Advisor interface on | the herald

the herald

Mukudzei Chingwere-Herald Reporter

Councilors from urban and rural councils are meeting in Harare to interact with government departments and each other as they work out how to improve services and planning and ensure the demands of their areas are met.

President Mnangagwa must now interact with councilors – both urban and rural – to build cohesive governance between the central government and the councils.

Ahead of the engagement with President Mnangagwa, the advisers spoke to several government ministers, who answered their questions yesterday to tell local authorities what the government is doing and what is expected of the councils.

Health issues are key at central and local government levels, and the government remains committed to having adequate health infrastructure alongside the decentralization agenda, the Vice President and Minister of Health and Care said. children, Constantino Chiwenga, during the meeting.

Vice President Chiwenga was speaking through the Permanent Secretary for Health and Child Care, Dr Jasper Chimedza.

“The Ministry of Health and Childcare remains committed to having a strong and adequate infrastructure in place alongside the decentralization agenda,” Vice President Chiwenga said.

“This is an ongoing process and the ministry has set milestones to assess the government’s progress towards achieving the 2030 vision.

“There is an opportunity to increase support in non-communicable diseases such as diabetes, kidney failure and others, as non-communicable diseases in general have become the leading cause of death.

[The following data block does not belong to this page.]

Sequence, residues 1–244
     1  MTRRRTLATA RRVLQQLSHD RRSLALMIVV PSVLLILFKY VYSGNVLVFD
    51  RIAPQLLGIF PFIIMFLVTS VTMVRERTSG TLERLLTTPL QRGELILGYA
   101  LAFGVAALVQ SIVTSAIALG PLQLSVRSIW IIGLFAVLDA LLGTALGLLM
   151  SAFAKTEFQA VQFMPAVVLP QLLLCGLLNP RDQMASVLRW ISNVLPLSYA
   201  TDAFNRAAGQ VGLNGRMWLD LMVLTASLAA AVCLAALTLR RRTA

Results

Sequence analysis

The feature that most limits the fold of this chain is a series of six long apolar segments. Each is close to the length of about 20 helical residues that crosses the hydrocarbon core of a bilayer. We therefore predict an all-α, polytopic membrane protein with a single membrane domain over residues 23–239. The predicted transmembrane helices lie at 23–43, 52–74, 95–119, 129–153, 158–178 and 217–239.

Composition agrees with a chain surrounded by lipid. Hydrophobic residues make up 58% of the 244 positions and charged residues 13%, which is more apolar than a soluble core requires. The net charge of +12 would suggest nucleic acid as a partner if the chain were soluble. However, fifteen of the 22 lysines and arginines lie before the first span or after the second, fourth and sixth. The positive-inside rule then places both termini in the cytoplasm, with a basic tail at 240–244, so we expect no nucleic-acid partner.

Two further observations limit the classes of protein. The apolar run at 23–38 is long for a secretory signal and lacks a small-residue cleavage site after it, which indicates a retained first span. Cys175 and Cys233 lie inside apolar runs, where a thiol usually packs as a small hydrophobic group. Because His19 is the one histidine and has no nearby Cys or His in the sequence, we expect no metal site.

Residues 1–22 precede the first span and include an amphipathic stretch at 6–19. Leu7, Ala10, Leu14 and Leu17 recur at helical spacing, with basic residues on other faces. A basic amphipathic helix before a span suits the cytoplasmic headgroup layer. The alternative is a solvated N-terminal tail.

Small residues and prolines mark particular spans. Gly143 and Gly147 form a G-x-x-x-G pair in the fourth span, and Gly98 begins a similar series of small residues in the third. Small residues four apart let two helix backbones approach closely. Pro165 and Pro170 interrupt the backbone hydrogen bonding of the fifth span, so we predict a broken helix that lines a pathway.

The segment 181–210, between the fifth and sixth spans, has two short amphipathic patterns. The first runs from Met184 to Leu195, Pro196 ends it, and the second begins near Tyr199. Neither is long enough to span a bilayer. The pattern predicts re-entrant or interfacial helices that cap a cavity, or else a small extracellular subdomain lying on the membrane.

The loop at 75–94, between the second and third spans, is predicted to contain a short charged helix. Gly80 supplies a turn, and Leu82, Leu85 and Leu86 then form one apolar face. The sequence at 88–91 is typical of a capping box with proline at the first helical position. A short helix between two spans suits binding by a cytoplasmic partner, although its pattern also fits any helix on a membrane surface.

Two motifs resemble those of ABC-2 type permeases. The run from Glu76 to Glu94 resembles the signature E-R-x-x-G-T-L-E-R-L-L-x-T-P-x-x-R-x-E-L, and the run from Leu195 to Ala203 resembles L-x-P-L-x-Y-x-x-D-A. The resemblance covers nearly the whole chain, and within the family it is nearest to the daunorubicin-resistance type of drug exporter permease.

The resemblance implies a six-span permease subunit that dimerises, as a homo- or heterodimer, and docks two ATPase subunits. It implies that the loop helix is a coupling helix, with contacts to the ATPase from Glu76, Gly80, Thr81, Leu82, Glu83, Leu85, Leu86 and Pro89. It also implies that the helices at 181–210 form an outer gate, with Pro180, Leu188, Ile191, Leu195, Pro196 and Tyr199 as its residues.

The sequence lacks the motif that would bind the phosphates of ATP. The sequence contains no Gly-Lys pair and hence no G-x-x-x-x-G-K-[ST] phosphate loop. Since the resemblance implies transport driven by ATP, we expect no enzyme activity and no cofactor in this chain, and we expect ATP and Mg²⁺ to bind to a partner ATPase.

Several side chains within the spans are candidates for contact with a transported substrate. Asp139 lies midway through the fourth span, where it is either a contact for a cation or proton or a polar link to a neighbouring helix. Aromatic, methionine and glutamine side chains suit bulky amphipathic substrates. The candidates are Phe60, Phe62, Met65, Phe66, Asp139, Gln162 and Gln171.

“A national health insurance scheme is underway as we seek to ensure that everyone has access to at least 90% of primary care services.”

The health presentation focused on how decentralization has promoted access to primary health care through the provision of adequate infrastructure.

Decentralization in the health sector aims to provide more than 90% of essential health services to lower levels of the health system within the framework of universal health coverage.

This is where the local clinics, continually improved and upgraded, come in to ensure there is a strong network within easy reach of everyone with district hospitals providing the next level, again reasonably close to Most people.

But now the idea is to have health posts, one in almost every village, where advice and basic care can be given.

Vice President Chiwenga said that prevention is better than cure, with the main focus on early detection, diagnosis and intervention of diseases.

“The government has defined primary level health care services as community level and district level health care delivery platforms,” he said.

“Primary health care services have a functional and responsive district health system consisting of community-level services, clinic-level services, and district hospital-level services, which we generally refer to as the secondary level .

“Our national health strategy is clear as it seeks to leave no one and no place behind by embracing the primary health care approach as its core strategy for health care delivery.”